“Just like the clay in the potter’s hand, so are you in my hand, O house of Israel.” Jeremiah 18:6b (NRSV)
Back a few years, I was the spiritual director on a spiritual renewal week-end, and one of my colleagues gave a talk on being imperfect. She brought in a whole bunch of pottery – mostly small pitchers, bowls, and cups, and she talked about how they all have a purpose and function. Then she picked up one pitcher that clearly had been broken and glued back together.
As she held it up in front of us, she said that it was her favorite, so when it broke, she didn’t have the heart to throw it away, so she glued it back together, and now it holds her pens and pencils on her desk in her office. Instead of seeing it as worthless, she recognized its brokenness and found a new use for it.
In the Jeremiah 18:1-11 passage, we read about how God sent Jeremiah to the potter’s house to watch as the potter molded and shaped the clay into something useful. The potter took a lump – actually, a blob – and started to shape it into something that had purpose, but the shaping didn’t go well, so the potter started over again by making the clay a blob and re-working it.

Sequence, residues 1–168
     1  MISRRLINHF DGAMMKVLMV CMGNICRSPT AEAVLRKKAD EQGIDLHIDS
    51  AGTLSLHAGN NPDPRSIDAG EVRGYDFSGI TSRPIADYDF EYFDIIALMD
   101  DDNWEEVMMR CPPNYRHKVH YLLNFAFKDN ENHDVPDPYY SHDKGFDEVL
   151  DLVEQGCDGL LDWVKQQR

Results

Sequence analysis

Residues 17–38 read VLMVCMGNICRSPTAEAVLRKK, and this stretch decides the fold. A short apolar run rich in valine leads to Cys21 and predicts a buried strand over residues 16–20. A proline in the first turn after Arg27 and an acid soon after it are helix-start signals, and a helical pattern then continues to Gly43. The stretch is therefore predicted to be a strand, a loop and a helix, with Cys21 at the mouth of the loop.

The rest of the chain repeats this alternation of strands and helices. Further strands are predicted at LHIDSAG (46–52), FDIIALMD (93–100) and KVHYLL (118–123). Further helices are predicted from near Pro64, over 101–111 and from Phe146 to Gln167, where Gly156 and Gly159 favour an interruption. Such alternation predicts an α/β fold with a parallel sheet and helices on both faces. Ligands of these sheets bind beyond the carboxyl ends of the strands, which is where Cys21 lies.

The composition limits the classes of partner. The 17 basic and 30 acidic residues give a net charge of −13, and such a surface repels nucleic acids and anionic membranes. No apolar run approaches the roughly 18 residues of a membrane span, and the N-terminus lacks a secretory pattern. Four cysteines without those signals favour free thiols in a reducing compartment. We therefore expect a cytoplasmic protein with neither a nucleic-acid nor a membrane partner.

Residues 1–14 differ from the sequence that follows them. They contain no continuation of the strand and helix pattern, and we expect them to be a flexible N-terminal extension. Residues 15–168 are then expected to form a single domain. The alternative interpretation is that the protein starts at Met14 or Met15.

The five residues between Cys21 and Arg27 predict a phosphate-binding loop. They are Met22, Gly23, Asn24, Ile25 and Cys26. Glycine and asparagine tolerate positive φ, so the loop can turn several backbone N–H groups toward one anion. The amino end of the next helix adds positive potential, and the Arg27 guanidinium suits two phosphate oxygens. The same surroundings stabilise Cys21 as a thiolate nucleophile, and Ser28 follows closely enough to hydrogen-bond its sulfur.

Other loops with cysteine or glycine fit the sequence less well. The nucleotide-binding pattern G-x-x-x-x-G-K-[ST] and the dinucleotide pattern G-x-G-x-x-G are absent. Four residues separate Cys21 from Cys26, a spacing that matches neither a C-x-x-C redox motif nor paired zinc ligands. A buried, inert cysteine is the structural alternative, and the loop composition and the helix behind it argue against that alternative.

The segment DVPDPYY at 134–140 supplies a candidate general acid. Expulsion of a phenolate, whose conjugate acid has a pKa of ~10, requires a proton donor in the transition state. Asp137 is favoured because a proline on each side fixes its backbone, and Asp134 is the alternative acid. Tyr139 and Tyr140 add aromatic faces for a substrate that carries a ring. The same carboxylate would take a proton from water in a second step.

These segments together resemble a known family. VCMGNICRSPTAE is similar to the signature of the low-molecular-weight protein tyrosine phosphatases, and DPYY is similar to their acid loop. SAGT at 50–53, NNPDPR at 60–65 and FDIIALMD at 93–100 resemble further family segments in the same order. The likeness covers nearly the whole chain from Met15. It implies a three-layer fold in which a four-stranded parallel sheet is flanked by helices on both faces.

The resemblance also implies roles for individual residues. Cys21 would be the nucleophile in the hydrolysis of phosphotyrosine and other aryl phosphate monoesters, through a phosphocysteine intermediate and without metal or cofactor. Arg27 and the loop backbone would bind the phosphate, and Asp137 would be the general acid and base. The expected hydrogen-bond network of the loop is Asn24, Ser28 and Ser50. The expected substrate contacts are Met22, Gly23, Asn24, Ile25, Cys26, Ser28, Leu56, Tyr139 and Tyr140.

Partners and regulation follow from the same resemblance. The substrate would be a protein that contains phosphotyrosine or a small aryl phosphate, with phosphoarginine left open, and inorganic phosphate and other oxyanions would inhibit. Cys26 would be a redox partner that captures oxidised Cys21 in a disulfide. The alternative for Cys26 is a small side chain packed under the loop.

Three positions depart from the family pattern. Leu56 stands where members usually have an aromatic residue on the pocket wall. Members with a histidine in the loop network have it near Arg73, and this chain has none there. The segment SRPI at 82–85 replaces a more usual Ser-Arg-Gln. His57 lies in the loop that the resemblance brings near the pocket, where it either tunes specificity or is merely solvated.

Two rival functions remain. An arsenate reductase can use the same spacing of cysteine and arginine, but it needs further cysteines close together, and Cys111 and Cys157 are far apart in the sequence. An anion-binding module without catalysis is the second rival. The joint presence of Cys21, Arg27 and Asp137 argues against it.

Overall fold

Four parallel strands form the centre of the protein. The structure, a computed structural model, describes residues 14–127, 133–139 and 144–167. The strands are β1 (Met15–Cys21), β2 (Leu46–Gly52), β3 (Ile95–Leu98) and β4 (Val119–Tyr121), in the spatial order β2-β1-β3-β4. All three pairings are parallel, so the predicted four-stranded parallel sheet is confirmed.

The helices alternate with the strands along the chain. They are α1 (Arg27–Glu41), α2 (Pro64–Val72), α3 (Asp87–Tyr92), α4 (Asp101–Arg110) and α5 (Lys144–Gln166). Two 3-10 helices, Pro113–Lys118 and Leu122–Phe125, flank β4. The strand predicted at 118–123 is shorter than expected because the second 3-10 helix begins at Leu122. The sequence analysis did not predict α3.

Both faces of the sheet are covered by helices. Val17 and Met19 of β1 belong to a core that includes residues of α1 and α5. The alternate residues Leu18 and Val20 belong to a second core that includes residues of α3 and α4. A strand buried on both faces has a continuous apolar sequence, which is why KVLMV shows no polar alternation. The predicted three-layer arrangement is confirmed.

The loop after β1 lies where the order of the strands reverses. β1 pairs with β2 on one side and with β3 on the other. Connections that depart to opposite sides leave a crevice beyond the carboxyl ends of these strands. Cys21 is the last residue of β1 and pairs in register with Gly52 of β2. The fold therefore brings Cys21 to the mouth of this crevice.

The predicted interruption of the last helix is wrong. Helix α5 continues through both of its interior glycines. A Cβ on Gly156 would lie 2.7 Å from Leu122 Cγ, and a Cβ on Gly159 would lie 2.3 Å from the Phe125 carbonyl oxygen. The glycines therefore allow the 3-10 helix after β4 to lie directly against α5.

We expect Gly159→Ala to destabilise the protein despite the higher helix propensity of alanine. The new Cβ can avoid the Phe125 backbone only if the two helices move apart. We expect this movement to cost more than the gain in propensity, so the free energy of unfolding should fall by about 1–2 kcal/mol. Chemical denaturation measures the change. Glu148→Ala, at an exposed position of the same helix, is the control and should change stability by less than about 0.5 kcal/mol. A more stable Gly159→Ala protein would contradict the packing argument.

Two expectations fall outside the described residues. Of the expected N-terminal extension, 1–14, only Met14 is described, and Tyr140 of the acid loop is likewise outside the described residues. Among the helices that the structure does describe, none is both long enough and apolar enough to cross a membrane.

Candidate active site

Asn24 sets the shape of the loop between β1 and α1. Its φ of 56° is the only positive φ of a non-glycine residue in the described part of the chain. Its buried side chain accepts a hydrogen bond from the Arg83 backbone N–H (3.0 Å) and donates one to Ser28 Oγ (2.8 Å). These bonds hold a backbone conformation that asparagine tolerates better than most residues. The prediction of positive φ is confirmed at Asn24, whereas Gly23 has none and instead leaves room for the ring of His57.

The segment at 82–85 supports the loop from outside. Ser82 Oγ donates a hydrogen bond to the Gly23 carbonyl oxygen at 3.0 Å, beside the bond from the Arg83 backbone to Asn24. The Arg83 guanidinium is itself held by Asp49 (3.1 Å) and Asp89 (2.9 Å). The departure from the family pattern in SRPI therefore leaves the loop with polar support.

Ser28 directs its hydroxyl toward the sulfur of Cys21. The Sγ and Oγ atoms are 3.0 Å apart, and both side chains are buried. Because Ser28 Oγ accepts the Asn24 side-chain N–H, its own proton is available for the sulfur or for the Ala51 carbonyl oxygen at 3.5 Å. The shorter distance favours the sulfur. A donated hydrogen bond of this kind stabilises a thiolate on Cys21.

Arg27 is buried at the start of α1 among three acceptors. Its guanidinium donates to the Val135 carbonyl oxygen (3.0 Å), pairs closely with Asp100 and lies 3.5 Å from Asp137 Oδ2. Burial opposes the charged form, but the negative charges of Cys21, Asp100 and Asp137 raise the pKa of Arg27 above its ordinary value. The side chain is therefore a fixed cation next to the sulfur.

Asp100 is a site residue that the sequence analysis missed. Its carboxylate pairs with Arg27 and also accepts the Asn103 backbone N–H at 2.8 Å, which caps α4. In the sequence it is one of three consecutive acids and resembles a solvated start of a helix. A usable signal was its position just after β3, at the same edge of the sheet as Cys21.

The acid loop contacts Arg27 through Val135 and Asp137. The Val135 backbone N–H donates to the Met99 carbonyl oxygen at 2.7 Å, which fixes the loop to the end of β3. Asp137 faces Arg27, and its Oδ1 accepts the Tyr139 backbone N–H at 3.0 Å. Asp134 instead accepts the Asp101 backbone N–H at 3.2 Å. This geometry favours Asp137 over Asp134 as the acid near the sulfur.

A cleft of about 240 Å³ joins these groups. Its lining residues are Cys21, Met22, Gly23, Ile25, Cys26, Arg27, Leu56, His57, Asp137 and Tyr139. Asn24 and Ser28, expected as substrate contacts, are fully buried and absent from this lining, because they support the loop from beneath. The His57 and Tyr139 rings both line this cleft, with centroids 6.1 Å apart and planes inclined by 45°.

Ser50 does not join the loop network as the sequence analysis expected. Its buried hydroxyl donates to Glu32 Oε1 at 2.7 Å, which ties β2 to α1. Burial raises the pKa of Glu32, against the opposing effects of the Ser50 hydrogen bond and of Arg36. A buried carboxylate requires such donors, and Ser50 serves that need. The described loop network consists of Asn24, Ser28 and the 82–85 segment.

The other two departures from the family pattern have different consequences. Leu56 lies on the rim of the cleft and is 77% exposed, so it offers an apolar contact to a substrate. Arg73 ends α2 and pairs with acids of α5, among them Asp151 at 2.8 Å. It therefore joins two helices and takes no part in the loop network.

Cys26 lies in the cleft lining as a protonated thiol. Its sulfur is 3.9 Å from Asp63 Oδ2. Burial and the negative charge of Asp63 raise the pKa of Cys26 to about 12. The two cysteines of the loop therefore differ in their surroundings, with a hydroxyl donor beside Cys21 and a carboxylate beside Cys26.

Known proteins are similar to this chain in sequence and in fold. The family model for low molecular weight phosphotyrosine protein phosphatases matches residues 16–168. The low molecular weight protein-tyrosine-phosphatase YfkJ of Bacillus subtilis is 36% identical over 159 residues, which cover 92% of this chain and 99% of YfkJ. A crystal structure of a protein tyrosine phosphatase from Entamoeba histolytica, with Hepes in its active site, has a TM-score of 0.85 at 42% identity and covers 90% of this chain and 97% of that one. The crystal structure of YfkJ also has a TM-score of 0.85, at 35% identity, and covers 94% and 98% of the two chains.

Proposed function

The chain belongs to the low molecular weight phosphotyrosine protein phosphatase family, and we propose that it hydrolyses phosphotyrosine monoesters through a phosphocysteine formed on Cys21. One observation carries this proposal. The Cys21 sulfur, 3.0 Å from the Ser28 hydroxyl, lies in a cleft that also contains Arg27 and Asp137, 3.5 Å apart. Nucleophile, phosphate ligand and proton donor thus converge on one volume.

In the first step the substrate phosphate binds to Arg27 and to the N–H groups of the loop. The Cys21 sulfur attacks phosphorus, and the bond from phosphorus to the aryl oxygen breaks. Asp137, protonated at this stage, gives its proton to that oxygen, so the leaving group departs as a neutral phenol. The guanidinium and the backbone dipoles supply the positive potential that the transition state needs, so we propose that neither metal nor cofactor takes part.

Israel had been called to be God’s people, and time after time they had turned away from God, ignoring the prophet’s call to repent and return to God. Jeremiah’s message to the people of Israel was that they would be re-worked, re-molded by God so that they would once again be God’s faithful people. They did have a choice, and often they ignored God’s call through the prophets. Yet, God didn’t give up on them, didn’t abandon them, saw them as broken human beings who just needed to be shaped and guided back to the vision that God had for them.
So it is with us. God sees our broken, sinful, hurting lives and finds ways to make something new out of what we might see as hopeless. In the midst of pain, loss, hurt, anger, conflict, broken lives and broken relationships, God comes to say, “I will rework you, I will restore you. You may look a little different, and your purpose or direction in life may change, but I will bring good out of bad and beauty out of the cracks.
Are we ready to allow God to do that? Are we willing to trust that God will guide us? Will we listen and choose God over our own stubborn wills, thinking that we can handle this life, these hurts, these challenges on our own? This passage is a reminder to us as a church that we have a calling: one to offer Christ to the world, even though we are broken and glued back together vessels. We are still God’s vessels, and God will work through us no matter how we look. May it be so!